PS-020 Introduction of a long stay drug chart in post-acute care services: a pre- and post-implementation study

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Patients in post acute care services (PACS) usually require multiple transcriptions of their drug chart. The general drug chart which is used for all acute care patients allows for 14 days of administration of a prescribed medication. The development of a long stay drug chart (LSDC) to accommodate a greater number of days of administration was proposed for usage in the PACS.


To introduce and evaluate a LSDC in the PACS.

Material and methods

A 1 month prospective pre-implementation baseline study was conducted by the clinical pharmacist, using a data collection form, to establish

Material and methods

A pilot LSDC was developed and introduced, in which the number of days of administration was extended from 14 to 37. A 1 month prospective study was conducted 6 weeks after the introduction of the LSDC, to establish its impact on (a), (b) and (c) above.


The results from the pre- and post-implementation study included:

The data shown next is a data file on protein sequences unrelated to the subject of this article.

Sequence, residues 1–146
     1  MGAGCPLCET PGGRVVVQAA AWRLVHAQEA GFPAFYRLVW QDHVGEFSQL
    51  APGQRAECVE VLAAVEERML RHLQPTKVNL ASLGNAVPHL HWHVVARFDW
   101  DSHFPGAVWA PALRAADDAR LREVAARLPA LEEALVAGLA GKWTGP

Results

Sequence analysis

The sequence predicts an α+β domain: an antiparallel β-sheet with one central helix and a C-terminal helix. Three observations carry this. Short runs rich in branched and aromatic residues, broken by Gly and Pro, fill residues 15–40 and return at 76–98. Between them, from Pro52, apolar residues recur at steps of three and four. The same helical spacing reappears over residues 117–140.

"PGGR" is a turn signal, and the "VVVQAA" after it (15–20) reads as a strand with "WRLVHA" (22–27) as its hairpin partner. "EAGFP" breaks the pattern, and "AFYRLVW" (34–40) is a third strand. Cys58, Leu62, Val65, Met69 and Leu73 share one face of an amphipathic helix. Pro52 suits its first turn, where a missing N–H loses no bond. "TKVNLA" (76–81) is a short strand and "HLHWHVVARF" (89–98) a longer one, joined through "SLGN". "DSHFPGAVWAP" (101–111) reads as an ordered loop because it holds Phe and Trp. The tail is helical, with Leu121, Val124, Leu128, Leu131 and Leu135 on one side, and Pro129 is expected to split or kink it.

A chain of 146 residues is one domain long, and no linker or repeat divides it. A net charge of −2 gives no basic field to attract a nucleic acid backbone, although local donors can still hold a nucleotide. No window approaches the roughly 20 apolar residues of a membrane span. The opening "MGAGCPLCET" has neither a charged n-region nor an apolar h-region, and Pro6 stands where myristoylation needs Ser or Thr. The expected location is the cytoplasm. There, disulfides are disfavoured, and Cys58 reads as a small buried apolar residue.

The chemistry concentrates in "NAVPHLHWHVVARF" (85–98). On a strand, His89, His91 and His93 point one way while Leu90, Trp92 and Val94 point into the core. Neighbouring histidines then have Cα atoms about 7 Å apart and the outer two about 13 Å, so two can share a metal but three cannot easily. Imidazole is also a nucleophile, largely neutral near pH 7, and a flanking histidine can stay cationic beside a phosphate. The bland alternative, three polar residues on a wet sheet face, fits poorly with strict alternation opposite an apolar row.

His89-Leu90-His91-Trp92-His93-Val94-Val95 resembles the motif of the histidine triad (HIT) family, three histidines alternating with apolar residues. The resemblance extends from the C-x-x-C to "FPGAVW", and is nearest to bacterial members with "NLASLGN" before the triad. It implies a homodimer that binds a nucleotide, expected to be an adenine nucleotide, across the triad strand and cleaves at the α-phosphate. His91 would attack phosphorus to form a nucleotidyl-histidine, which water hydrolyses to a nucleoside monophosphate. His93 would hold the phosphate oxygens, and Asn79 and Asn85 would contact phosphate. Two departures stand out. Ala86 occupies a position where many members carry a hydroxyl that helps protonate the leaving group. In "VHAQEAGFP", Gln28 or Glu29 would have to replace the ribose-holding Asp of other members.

(1) Number of fully transcribed drug charts in use was reduced by 42%. (2) The average time taken by the clinical pharmacist to review each drug chart was very similar between the two groups (6 min). (3) Number of transcription errors noted was numerically less (10 vs 14) in the post-implementation group but the study was not powered to detect a statistically significant difference.


The feedback from medical and nursing staff was very positive. As expected, the number of drug charts in use was reduced and there was a numerical reduction in transcription errors. As there were fewer drug charts to review, clinical pharmacist time was saved. Despite a slight increase in associated cost, the universal benefits of the LSDC will lead to roll out throughout the PACS.


No conflict of interest

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